Sodium thiopental known as Sodium Pentothal, thiopentone, or Trapanal, or Fatal-Plus in veterinary euthanasia contexts, is a rapid-onset short-acting barbiturate general anesthetic. It is the thiobarbiturate analog of pentobarbital, an analog of thiobarbital. Sodium thiopental was a core medicine in the World Health Organization's List of Essential Medicines, the safest and most effective medicines needed in a health system, but was supplanted by propofol. Despite this thiopental is still listed as an acceptable alternative to propofol, depending on local availability and cost of these agents, it was the first of three drugs administered during most lethal injections in the United States, but the US manufacturer Hospira stopped manufacturing the drug and the EU banned the export of the drug for this purpose. Although thiopental abuse carries a dependency risk, its recreational use is rare. Sodium thiopental is an ultra-short-acting barbiturate and has been used in the induction phase of general anesthesia.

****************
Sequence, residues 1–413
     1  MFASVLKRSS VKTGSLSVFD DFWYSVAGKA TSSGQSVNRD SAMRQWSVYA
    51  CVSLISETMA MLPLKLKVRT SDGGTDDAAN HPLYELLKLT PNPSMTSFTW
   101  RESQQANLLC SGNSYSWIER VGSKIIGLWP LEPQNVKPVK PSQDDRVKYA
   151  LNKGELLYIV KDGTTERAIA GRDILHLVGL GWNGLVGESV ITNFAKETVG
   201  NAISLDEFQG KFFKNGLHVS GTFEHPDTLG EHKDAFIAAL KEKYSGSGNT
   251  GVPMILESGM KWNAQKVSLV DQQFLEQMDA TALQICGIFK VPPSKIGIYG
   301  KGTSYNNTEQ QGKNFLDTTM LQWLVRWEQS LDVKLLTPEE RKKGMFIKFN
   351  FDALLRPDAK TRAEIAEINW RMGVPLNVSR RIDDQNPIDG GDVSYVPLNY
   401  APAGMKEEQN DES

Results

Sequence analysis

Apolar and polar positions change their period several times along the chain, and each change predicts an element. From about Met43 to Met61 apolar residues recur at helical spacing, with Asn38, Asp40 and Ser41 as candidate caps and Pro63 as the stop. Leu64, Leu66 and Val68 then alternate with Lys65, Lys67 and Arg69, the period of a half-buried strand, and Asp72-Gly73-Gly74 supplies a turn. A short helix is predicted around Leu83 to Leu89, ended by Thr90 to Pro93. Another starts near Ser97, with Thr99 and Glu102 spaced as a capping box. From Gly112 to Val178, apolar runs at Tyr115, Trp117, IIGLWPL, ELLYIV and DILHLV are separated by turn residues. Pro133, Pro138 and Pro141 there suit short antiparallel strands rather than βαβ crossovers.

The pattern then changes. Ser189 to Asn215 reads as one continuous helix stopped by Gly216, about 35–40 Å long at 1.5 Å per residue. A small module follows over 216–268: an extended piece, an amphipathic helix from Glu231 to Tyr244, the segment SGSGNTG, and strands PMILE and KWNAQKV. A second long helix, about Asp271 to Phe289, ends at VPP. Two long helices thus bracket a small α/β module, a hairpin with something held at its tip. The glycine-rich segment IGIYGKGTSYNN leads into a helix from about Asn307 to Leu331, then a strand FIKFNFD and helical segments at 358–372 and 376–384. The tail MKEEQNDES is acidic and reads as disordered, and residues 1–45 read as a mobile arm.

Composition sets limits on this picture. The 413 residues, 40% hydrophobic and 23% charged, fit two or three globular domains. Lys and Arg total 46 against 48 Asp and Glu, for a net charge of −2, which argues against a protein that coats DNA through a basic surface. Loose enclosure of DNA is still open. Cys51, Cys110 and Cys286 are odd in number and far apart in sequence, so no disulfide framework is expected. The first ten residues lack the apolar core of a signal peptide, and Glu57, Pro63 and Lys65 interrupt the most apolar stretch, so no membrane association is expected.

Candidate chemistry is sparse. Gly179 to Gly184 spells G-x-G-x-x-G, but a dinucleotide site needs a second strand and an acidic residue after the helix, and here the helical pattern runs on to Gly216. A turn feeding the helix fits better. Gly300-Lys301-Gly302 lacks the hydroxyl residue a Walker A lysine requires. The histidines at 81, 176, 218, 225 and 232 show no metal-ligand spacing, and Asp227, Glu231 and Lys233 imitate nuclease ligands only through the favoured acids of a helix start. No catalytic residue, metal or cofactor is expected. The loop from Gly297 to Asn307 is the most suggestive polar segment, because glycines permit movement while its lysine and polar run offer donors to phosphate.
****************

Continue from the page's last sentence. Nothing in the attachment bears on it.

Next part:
Its use has been replaced with that of propofol, but retains popularity as an induction agent for rapid-sequence intubation and in obstetrics. Following intravenous injection, the drug reaches the brain and causes unconsciousness within 30–45 seconds. At one minute, the drug attains a peak concentration of about 60% of the total dose in the brain. Thereafter, the drug distributes to the rest of the body, in about 5–10 minutes the concentration is low enough in the brain that consciousness returns. A normal dose of sodium thiopental given to a pregnant woman for operative delivery makes her unconscious, but the baby in her uterus remains conscious. However, larger or repeated doses can depress the baby. Sodium thiopental is not used to maintain anesthesia in surgical procedures because, in infusion, it displays zero-order elimination pharmacokinetics, leading to a long period before consciousness is regained. Instead, anesthesia is maintained with an inhaled anesthetic agent. Inhaled anesthetics are eliminated quickly, so that stopping the inhaled anesthetic will allow rapid return of consciousness.